In a message on his platform Truth Social, Trump touted what he called a hugely successful record as president and said "I WILL THEREFORE NOT BE DOING THE DEBATES!"
The first debate in the race for the 2024 Republican presidential nomination is scheduled for Wednesday in Milwaukee, Wisconsin.
In his post, Trump noted the latest in a wave of polls showing him far, far out ahead of the Republican field, including one by CBS News published Sunday.
It said 62 percent of those polled for the survey would vote for him even though he has been indicted four times this year, including on charges he tried to subvert US democracy by scheming to overturn the 2020 election and stay in power despite his loss to Joe Biden.
Trump's closest contender in the CBS poll was Florida Governor Ron DeSantis at 16 percent. The rest of those in the field are polling in the single digits.
Trump wrote that DeSantis is "crashing like an ailing bird."
"The public knows who I am & what a successful Presidency I had," Trump said, citing issues including energy, border security and the military, and the economy.
The 77-year-old former president, who is rarely out of the headlines, had been vocal about possibly skipping the debate in the midwesten city of Milwaukee, wary of sharing the limelight with lower-polling rivals.
The New York Times reported Friday that Trump had told aides he was planning to upstage his rivals by skipping the event, organized by Fox News, and instead sit for an online interview with one of Fox's former hosts, Tucker Carlson.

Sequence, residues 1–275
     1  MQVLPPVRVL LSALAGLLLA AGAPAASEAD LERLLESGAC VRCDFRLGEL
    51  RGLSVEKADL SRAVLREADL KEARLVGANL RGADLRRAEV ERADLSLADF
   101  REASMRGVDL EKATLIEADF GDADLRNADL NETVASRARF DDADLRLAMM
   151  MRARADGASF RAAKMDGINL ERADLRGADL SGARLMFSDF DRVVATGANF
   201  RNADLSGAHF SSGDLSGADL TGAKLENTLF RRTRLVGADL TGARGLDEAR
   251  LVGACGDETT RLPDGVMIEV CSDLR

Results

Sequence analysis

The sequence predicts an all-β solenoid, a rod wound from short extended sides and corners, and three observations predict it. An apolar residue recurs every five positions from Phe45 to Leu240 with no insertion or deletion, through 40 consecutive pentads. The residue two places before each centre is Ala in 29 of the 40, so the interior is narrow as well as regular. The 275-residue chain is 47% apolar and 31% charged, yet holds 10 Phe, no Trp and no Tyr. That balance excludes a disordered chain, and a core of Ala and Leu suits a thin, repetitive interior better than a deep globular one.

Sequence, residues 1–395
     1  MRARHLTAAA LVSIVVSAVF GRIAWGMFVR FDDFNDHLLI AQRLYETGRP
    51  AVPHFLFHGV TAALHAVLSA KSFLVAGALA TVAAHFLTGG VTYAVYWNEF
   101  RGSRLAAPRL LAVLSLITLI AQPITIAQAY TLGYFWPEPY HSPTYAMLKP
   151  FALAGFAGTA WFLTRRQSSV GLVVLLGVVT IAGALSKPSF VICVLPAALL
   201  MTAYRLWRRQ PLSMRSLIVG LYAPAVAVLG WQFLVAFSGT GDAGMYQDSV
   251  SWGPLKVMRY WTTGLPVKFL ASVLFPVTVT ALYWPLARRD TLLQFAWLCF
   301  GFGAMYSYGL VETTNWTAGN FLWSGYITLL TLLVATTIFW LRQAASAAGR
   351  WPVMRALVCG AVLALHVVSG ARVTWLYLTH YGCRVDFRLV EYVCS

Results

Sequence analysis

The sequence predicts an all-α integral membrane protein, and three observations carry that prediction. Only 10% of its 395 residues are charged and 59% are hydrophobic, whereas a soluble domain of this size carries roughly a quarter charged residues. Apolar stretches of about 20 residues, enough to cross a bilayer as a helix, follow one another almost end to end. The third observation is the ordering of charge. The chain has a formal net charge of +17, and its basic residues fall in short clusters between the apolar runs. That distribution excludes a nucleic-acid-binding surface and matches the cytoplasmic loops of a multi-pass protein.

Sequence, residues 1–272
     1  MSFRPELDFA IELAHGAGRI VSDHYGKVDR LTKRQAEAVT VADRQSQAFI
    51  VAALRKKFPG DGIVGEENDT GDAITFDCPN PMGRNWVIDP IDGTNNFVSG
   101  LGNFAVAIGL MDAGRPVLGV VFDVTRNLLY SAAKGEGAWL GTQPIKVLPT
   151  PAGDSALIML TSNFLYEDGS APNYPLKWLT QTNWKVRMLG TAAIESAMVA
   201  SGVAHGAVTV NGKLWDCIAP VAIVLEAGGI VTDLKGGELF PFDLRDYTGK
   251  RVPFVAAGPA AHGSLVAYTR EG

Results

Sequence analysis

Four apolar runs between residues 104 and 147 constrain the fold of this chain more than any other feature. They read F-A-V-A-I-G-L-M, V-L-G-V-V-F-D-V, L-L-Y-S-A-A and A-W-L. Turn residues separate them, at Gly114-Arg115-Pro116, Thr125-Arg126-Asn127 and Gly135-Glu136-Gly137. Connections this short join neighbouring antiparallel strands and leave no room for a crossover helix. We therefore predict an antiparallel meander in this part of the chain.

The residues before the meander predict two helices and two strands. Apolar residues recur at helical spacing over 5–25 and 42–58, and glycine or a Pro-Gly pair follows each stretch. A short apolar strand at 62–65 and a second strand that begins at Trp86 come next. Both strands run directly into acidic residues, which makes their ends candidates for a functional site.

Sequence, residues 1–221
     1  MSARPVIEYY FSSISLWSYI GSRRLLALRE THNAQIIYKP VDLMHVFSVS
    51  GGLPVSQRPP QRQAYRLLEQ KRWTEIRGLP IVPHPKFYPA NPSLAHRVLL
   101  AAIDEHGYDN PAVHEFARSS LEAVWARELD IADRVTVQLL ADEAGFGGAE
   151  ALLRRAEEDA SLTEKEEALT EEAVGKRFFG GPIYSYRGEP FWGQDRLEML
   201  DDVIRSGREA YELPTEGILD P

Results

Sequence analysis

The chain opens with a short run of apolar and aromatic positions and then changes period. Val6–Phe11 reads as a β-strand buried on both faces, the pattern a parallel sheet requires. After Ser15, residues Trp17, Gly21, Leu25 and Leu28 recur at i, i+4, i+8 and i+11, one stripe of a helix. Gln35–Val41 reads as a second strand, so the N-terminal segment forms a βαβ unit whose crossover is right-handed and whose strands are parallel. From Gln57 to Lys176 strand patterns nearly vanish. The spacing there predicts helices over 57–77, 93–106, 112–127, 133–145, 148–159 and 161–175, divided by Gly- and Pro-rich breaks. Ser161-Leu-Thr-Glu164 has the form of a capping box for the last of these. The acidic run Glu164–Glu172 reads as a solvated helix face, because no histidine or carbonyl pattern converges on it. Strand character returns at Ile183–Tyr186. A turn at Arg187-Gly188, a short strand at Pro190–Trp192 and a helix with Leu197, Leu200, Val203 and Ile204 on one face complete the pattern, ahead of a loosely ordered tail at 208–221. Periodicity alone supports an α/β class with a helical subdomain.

Even in his absence, Trump will be ripe for broadsides from opponents over the four criminal and three civil trials he faces involving allegations before, during and after his scandal-plagued presidency.
"Obviously, his legal issues are affecting this race," Fox News host Bret Baier, who will be moderating the debate, told the Milwaukee Journal Sentinel.
"All these candidates have been asked non-stop about what's happening in courtrooms around the country. So he'll be a part of this debate whether he's there or not."
Seven other candidates have qualified for the debate, including state governors DeSantis and Doug Burgum, former vice president Mike Pence, Trump's UN ambassador Nikki Haley and South Carolina Senator Tim Scott.
While Trump dominates the field, polling well above his opponents, some allies worry that a no-show could give his rivals a chance to create a viral moment and gain momentum.